On Mon, Apr 11, 2016 at 12:50 PM, Andres Freund <and...@anarazel.de> wrote: > On 2016-04-04 12:45:25 -0400, Robert Haas wrote: >> Well, I agree that it's pretty strange that _mdfd_getseg() makes no >> such check, but I still don't think I understand what's going on here. >> Backends shouldn't be requesting nonexistent blocks from a relation - >> higher-level safeguards, like holding AccessExclusiveLock before >> trying to complete a DROP or TRUNCATE - are supposed to prevent that. > > I don't think that's really true: We write blocks back without holding > any sort of relation level locks; and thus do _mdfd_getseg() type > accesses as well.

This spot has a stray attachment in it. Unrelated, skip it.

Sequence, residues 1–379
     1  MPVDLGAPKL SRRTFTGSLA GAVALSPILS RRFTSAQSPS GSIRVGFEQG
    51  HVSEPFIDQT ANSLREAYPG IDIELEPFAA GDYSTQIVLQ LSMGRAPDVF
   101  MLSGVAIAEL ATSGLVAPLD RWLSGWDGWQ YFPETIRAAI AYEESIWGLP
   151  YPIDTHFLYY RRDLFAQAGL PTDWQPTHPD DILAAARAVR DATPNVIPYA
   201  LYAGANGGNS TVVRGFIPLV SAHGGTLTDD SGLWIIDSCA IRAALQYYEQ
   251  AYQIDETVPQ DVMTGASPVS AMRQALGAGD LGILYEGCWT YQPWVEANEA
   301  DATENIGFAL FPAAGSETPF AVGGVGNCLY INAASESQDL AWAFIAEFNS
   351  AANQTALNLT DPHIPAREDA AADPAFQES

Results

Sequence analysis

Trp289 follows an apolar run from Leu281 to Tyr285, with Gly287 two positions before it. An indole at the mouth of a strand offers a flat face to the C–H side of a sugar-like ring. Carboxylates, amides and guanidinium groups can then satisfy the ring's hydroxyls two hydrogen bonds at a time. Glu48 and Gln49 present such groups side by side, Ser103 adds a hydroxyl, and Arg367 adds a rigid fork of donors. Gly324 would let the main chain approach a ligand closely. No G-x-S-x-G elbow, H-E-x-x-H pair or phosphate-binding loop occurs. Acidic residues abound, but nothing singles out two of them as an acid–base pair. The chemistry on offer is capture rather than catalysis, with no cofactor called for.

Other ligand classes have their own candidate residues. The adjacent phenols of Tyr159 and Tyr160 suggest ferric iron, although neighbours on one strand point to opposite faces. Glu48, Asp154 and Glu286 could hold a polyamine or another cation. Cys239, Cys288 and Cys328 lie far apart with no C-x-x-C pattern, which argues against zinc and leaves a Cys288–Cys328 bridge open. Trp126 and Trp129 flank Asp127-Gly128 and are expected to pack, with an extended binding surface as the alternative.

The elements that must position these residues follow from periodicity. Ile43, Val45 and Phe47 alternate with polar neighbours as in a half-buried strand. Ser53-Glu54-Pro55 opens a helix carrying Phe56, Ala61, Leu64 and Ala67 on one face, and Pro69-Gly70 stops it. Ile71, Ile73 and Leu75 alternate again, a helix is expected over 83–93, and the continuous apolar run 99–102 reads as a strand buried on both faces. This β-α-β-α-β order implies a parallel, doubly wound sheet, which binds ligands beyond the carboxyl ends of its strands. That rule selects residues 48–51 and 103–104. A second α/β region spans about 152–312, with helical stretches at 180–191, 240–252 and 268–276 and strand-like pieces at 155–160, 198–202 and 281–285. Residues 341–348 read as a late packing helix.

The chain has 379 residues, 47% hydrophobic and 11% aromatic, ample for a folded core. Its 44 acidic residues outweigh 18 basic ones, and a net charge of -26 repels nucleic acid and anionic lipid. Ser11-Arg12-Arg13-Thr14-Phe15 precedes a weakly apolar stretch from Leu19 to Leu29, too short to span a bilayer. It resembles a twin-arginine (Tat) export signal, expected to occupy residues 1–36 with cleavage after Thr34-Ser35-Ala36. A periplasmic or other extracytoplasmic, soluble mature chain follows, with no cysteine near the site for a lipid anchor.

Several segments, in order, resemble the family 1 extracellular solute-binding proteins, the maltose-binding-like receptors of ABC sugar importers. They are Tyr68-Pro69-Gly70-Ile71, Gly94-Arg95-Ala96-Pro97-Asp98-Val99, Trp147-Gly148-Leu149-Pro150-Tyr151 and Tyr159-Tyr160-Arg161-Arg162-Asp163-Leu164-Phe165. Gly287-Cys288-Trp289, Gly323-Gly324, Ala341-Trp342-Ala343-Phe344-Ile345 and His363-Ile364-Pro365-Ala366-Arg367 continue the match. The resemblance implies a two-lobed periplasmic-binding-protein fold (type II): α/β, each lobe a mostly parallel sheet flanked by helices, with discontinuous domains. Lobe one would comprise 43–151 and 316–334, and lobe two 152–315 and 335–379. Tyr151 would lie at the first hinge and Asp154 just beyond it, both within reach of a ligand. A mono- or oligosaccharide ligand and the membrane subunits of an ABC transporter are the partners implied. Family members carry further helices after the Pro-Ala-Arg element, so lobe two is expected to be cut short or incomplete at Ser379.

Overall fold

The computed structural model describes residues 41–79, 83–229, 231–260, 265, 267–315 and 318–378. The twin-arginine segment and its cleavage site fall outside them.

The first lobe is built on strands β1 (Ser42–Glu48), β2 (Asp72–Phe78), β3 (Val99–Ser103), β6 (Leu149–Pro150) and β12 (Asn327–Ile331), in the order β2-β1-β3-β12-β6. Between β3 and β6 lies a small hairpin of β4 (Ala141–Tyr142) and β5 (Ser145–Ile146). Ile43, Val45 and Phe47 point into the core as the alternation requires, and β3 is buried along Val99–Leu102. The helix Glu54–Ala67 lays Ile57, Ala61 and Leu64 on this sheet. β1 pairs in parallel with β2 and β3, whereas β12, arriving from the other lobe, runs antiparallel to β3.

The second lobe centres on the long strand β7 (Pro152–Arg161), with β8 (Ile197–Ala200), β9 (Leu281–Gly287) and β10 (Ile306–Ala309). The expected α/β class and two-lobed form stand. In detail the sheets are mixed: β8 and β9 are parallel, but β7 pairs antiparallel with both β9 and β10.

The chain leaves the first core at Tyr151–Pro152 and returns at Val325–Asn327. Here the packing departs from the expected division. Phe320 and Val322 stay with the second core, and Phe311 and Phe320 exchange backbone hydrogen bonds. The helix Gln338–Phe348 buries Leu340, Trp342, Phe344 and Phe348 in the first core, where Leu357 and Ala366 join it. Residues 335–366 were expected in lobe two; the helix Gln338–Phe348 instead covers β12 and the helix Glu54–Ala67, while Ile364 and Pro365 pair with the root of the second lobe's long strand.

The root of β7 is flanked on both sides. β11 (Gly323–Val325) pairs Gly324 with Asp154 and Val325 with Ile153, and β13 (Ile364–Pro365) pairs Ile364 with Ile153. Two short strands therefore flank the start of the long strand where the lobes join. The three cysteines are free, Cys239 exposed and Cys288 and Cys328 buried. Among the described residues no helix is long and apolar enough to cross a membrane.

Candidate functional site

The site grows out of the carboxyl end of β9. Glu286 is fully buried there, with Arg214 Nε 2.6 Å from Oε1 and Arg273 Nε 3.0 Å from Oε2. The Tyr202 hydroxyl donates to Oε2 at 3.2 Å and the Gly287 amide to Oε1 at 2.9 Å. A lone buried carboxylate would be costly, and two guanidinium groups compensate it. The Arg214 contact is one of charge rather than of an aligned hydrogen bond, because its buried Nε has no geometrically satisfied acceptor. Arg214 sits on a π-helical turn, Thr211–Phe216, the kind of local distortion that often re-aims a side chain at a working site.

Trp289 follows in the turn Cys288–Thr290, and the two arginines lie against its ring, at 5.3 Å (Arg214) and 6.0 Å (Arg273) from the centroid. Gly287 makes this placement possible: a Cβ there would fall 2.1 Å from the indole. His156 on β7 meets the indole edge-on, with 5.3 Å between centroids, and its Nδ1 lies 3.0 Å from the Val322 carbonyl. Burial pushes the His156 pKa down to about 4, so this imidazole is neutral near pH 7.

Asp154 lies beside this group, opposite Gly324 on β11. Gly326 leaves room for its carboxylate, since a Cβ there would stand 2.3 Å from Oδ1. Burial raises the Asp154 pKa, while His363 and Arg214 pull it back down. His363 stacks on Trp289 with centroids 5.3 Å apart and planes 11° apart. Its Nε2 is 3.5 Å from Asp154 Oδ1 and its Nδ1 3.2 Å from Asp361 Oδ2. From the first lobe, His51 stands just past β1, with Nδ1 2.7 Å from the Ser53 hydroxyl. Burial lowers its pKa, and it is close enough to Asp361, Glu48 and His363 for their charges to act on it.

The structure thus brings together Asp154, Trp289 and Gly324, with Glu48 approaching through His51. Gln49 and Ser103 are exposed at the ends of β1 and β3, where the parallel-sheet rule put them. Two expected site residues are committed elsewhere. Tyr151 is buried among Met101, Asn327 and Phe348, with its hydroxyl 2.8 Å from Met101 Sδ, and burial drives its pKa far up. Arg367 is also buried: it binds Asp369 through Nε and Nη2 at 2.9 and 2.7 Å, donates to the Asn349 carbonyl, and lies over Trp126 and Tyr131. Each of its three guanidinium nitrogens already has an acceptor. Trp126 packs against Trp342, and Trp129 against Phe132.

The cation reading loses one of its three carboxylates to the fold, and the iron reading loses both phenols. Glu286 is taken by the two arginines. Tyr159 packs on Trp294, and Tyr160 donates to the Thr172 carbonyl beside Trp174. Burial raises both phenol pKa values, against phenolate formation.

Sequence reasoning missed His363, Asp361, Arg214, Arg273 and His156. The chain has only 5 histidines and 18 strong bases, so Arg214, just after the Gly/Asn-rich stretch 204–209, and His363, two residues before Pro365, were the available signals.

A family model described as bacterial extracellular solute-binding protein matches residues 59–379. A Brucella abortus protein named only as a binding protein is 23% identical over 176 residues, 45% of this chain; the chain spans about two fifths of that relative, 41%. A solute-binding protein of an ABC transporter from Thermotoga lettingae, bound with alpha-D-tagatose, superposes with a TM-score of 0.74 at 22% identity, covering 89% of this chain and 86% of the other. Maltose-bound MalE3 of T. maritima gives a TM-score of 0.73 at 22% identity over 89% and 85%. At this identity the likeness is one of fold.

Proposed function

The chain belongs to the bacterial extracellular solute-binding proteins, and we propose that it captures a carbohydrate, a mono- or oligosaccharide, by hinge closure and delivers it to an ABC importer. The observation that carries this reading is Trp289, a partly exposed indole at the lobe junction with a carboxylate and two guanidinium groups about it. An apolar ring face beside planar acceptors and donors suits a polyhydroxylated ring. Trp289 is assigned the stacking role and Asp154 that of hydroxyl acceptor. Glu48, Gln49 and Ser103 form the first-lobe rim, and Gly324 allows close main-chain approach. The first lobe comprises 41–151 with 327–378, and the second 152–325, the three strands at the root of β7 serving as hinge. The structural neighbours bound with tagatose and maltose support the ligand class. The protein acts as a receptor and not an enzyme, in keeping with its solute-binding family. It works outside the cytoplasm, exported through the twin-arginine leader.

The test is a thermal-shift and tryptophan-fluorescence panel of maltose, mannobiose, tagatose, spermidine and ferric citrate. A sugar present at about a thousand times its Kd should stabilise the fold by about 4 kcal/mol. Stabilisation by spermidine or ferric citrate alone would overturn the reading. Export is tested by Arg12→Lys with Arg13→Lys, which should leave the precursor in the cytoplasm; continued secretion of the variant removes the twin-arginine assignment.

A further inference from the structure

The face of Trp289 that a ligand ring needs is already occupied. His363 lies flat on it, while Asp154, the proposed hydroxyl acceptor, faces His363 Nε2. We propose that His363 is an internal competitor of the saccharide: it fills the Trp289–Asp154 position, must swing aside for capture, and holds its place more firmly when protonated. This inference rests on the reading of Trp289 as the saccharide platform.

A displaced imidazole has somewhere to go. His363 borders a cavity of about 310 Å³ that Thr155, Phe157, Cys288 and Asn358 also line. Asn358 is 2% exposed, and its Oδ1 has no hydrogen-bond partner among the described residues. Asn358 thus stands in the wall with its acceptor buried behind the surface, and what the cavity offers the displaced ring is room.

You're right, but I think that's more because I didn't say it correctly than because you haven't done something novel. DROP and relation truncation know about shared buffers, and they go clear blocks that that might be affected from it as part of the truncate operation, which means that no other backend will see them after they are gone. The lock makes sure that no other references can be added while we're busy removing any that are already there. So I think that there is currently an invariant that any block we are attempting to access should actually still exist. It sounds like these references are sticking around in backend-private memory, which means they are neither protected by locks nor able to be cleared out on drop or truncate. I think that's a new thing, and a bit scary. > And we're not really "requesting nonexistant blocks" - the segments are > just opened to get the associated file descriptor, and they're opened > with EXTENSION_RETURN_NULL. It turns out to be important > performance-wise to reuse fd's when triggering kernel writeback. The possibly-saving grace here, I suppose, is that the references we're worried about are just being used to issue hints to the operating system. So I guess if we sent a hint on a wrong block or skip sending a hint altogether because of some failure, no harm done, as long as we don't error out. -- Robert Haas EnterpriseDB: http://www.enterprisedb.com The Enterprise PostgreSQL Company -- Sent via pgsql-hackers mailing list (email@example.com) To make changes to your subscription: http://www.postgresql.org/mailpref/pgsql-hackers